Federal pandemic-era policies ended in September this year, leaving 8.8 million Americans completely without benefits. A further three million have seen their aid reduced to $300 a week. Businesses are hoping the lapse in federal unemployment benefits will bring a surge in job applications. Despite there being many openings, there remains a lag in employment throughout the country. Economists believe that this could be due to a fear of being infected by the virus, as well as a lack of affordable childcare.
How is child poverty worsened by the coronavirus pandemic?
From a strictly medical point of view, children are not a risk category as far as COVID-19 is concerned. However, they are still significantly impacted by the ongoing pandemic. School closures may prevent virus transmission, but the impact on schooling is detrimental. This is particularly true for children living in poverty. Although online learning continues, this intensifies existing disparities. Children from low-income homes will struggle to continue their education, due to poor access to technology or insecure housing circumstances. A further concern is food insecurity. For many of these children, school is the only place they get a nutritious meal.
Girls in developing countries also face the risk of early pregnancies. In the aftermath of the Ebola pandemic, Sierra Leone experienced a pronounced increase in teenage pregnancies. This came as a result of school closures and the loss of adult carers, which forced children to resort to new ways to finding food. Furthermore, the loss of access to contraceptives and an increased exposure to gender-based violence also played a part.
Global poverty: long-term impacts of the Covid19 pandemic.
The UN goal to eradicate extreme poverty by 2030 looks highly unlikely given the pandemic and ensuing global crisis. Plummeting economic growth and vast unemployment is continuing to compound existing inequalities. People living in countries with a large informal sector are at even greater risk. Although all sectors have been greatly affected, tourism and manufacturing stand out, due to the employment they provide for low skilled workers in low income and middle-income countries.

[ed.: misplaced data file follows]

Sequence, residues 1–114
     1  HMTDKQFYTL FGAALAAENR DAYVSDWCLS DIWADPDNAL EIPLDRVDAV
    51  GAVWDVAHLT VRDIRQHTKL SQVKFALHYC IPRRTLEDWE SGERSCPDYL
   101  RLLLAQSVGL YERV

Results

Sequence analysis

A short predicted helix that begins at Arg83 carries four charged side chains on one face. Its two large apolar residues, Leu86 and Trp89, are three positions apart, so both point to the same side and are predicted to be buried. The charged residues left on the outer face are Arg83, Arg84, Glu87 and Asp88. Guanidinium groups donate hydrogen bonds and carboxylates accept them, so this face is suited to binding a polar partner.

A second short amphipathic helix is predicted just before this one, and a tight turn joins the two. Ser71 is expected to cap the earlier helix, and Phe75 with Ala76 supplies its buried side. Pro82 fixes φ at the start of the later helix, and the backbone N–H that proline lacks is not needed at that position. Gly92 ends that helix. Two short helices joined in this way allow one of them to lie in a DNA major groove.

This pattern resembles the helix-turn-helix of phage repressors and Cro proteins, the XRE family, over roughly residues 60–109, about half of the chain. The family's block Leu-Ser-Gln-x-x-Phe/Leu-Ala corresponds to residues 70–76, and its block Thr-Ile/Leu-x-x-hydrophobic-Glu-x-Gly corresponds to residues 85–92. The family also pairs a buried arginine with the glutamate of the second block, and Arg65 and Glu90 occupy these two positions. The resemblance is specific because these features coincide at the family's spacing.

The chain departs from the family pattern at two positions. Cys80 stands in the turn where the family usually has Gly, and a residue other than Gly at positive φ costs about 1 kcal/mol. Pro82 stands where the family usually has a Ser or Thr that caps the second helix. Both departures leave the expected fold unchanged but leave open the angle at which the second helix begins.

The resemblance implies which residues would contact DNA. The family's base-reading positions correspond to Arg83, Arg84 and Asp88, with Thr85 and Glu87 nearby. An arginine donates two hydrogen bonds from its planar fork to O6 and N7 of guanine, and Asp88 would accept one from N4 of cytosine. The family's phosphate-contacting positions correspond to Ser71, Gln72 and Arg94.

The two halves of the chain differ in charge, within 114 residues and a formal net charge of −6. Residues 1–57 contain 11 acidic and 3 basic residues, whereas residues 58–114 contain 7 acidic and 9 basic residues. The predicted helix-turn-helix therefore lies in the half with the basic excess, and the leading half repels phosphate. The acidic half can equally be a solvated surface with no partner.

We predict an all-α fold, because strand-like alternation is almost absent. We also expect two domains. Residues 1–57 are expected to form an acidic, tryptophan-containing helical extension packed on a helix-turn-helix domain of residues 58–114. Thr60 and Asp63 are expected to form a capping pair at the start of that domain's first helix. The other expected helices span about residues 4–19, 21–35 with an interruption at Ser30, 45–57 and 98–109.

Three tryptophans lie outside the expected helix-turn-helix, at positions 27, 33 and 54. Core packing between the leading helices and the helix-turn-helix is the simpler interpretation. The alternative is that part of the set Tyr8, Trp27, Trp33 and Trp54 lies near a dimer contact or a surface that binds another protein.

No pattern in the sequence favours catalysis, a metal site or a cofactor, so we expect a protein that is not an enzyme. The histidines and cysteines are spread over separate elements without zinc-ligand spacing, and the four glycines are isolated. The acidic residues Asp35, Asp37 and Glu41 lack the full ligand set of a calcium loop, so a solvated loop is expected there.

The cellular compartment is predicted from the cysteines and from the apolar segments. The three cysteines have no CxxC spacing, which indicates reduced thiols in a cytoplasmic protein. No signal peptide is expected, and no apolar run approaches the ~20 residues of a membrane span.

The World Bank has estimated that school closures will cause seven million students to drop out. This will subsequently decrease their earning capacity and increase their likelihood of living in poverty. Such disadvantage invariably leads to greater exposure to COVID-19 and its economic impacts, effectively perpetuating the cycle of poverty and inequality.
Future pandemics: how we can do better
As many as 75% of emerging diseases are zoonotic, meaning they are caused by germs carried by animals. Our effect on climate change, encroachment on wildlife and our travel habits help spread these diseases. This is further exacerbated by urbanisation and overpopulation. In other words, these diseases are becoming more harmful to us a result of our own actions.
These dynamics mean that facing another pandemic sometime in the future is inevitable. To avoid similarly devastating consequences, there must be some changes in how these outbreaks are handled.
Better warning systems
Outbreaks get harder to contain once they’ve expanded beyond a certain area. In 1952, the World Health Organisation set up the Global Influenza Surveillance and Response System as an early warning system for flu outbreaks. While unknown pathogens are more difficult to keep track of, improvements in genome-sequencing techniques are making open-ended searches possible.
At the beginning of 2020, epidemiologists were working off official reports, newspaper articles and social media posts. Access to better data could have helped them determine more quickly that the virus spread through the air, and that it could be transmitted by people without symptoms. Data driven technology will help illuminate the complexities of the disease and the necessary distribution of care in the future.
Reluctance to communicate feelings of uncertainty and complex situations resulted in confusion surrounding COVID-19. For example, the use of face masks was initially advised against in certain countries, before the advice was later reversed. This lack of coherent messaging has divided the public in some countries. In the future, attention needs to be given to the spread of misinformation. The public can decipher messages of uncertainty, but contradictory messages will lead to a lack of unity.
Although drug companies developed the COVID-19 vaccines in record time the funding of early-stage work would speed up this process in future. Furthermore, governments should waive intellectual property rights on vaccines during a pandemic to ensure supply in all countries.
Better health care for all
Efforts to connect everyone to a health care system need to be increased. Pandemics exacerbate health disparities, meaning that people from low-income communities’ experience disproportionate infections, hospitalisations, and death.